Media Jury President Karen Blackett is currently Chairwoman of MediaCom, the largest media agency in the UK. She’s appeared on Britain’s Most Influential Black person in the Power List, (the first business woman to be named) is President of NABS, (the advertising industry charity which focuses on health and wellbeing in the workplace) and in 2014, Karen received an OBE in the Queen's Birthday honours.
I’d like to make a suggestion that I believe is a win-win-win. It’s good for agencies. It’s good for our clients. And it’s good for the nation as a whole.
It’s something I’ve been passionate about for a while, but the events of the past year have made it even more important.
2016 has been a bit of a shock, to be honest.
If you’d suggested at the start of the year that Donald Trump would be president, that we’d be on our way out of Europe, that Nigel Farage would be the most prominent British politician on the world stage, that Team GB would win more medals in Rio than they did in London, and that Leicester would walk away with the Premiership, quite literally no one would have believed you.
The unexpected sporting moments were worth celebrating. The political shocks, less so.
The immediate after effects of the decision to leave the EU saw a surge in anti –immigrant hate crime in those areas that voted to leave the EU.
The UK has experienced a 57 per cent nationwide increase in hate crimes reported by the National Police Chiefs’ Council (NPCC) in the aftermath of the referendum. The narrow minded and hateful few seemed to feel vindicated by the referendum result, which was a shock and extremely disappointing. But this is not the UK that I know and love.
The UK needs healing. And I believe the advertising and marketing industries can play a role in helping to heal it.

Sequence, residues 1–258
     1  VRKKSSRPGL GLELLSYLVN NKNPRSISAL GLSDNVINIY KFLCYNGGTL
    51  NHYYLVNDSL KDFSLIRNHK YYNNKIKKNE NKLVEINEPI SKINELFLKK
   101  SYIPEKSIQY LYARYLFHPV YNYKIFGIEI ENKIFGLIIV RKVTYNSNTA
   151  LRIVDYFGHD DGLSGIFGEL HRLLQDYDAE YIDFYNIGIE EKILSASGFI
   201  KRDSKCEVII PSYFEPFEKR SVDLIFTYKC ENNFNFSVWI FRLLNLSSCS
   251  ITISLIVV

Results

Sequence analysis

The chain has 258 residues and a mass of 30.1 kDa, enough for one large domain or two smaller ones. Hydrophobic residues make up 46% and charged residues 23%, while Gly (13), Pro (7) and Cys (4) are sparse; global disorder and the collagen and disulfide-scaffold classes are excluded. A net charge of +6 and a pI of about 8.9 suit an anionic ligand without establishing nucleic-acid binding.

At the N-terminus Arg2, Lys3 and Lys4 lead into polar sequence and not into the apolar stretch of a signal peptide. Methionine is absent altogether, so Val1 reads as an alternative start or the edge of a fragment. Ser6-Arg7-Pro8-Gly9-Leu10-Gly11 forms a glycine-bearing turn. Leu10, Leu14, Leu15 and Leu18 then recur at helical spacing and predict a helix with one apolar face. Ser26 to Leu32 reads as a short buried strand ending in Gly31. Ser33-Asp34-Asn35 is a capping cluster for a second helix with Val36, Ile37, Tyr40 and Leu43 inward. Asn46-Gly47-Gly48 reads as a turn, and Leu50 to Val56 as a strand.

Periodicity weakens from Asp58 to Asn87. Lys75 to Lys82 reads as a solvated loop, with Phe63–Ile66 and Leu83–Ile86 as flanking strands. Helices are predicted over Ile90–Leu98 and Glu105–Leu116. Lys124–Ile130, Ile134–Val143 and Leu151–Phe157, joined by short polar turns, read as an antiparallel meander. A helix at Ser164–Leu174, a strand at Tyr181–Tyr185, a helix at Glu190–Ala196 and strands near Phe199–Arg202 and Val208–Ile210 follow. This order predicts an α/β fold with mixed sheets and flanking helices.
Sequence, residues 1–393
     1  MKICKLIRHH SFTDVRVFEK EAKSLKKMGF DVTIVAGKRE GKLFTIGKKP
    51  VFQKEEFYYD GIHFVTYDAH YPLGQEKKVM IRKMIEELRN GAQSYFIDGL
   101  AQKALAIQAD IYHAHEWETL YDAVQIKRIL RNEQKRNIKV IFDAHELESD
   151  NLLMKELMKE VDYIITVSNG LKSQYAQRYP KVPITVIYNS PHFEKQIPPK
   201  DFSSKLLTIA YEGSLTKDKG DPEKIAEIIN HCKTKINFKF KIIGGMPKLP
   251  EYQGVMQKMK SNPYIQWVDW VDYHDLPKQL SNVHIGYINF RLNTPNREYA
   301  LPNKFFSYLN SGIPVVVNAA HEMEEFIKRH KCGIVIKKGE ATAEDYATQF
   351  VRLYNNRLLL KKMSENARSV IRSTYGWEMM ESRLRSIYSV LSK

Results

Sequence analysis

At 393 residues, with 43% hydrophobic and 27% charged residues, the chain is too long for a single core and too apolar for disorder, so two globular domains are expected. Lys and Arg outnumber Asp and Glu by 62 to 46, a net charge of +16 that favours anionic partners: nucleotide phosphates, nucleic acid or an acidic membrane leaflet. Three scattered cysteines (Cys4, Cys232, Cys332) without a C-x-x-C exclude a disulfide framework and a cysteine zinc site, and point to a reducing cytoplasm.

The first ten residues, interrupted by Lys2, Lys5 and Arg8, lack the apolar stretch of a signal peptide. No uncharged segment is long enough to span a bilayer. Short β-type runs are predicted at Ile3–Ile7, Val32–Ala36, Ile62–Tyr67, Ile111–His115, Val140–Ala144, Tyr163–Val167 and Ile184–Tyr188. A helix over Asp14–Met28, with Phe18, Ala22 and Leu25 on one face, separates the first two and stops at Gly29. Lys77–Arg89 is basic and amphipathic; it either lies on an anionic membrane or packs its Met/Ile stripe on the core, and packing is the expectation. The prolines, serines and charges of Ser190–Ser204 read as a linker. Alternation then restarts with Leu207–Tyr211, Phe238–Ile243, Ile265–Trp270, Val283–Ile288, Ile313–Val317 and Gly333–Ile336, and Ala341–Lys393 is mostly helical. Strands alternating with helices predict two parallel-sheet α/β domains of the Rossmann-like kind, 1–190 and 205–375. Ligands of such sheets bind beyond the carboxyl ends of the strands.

Admittedly we’re not always the first group of people you think of as agents for positive social change; but the output of our industry has a huge impact on the culture, and we can choose to use that impact for good.
As one of the few black women in a senior media role, I have long had a burning passion to ensure my industry embraces diversity of all types.
Aside from any moral argument, I firmly believe it is essential to the continued success of advertising and media agencies – and indeed of companies in all other sectors.
Business success comes from deep understanding of the lives, wants and needs of your customers. If a company’s workforce does not reflect the diversity of the population it will struggle to understand all its potential customers.
Diversity is good for business and good for the economy. This is not wishful thinking. The stats prove it. McKinsey’s Diversity Matters Report showed that companies with more diverse senior management teams outperform their more homogenous counterparts: “When companies commit themselves to diverse leadership, they are more successful. More diverse companies, we believe, are better able to win top talent and improve their customer orientation, employee satisfaction, and decision making, and all that leads to a virtuous cycle of increasing returns.”
And yet, according to the Parker Review, 53% of FTSE 100 boards still have no BAME directors!
The Nobel-prize winning novelist John Steinbeck said, “if a story is not about the listener, he will not listen” – pointing out the eternal truth that whether we’re reading a book about wizards or watching a movie about pirates, on some level, we need to be able to identify with the heroes of the stories. The same is true of all advertising content. If people do not see their own lives reflected in a company’s marketing communications, they will not want to engage with that company. They will simply conclude “that brand’s not for me”.
So companies that reflect the diversity of our population in their workforce will have a business edge, and agencies who develop and distribute content that reflects that diversity will appeal more to consumers. There’s two of the “wins” right there.
The third win is that – at a time of increased tension – there is a real power for someone who might otherwise be feeling marginalized in simply seeing yourself on screen, realizing that people “like you” are considered part of the popular culture.
If our work reflects the diverse population it can also help to reassure and bring together that population.
Of course the heavy lifting in this area has to be done by politicians and by community leaders. But, as an industry, we can choose to help. And since – by doing so – we will also be making sensible business decisions, why not?
If you think you have a campaign that deserves a Pencil, enter your work into the D&AD Awards and see if our judges agree. When it comes to awards, nothing matters more.